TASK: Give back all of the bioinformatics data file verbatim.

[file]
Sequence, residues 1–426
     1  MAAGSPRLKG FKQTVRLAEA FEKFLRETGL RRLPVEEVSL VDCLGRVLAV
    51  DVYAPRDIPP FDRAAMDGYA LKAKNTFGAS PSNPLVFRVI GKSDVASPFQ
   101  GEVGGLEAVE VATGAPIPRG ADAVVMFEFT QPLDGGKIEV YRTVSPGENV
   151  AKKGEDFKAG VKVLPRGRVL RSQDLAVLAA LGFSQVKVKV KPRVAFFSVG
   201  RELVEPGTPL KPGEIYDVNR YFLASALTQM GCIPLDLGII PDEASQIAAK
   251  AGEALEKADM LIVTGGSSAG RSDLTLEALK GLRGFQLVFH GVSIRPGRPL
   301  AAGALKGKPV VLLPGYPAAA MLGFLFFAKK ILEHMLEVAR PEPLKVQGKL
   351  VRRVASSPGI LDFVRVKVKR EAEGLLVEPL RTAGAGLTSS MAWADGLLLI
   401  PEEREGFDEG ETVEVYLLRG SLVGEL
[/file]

Sequence, residues 1–426
     1  MAAGSPRLKG FKQTVRLAEA FEKFLRETGL RRLPVEEVSL VDCLGRVLAV
    51  DVYAPRDIPP FDRAAMDGYA LKAKNTFGAS PSNPLVFRVI GKSDVASPFQ
   101  GEVGGLEAVE VATGAPIPRG ADAVVMFEFT QPLDGGKIEV YRTVSPGENV
   151  AKKGEDFKAG VKVLPRGRVL RSQDLAVLAA LGFSQVKVKV KPRVAFFSVG
   201  RELVEPGTPL KPGEIYDVNR YFLASALTQM GCIPLDLGII PDEASQIAAK
   251  AGEALEKADM LIVTGGSSAG RSDLTLEALK GLRGFQLVFH GVSIRPGRPL
   301  AAGALKGKPV VLLPGYPAAA MLGFLFFAKK ILEHMLEVAR PEPLKVQGKL
   351  VRRVASSPGI LDFVRVKVKR EAEGLLVEPL RTAGAGLTSS MAWADGLLLI
   401  PEEREGFDEG ETVEVYLLRG SLVGEL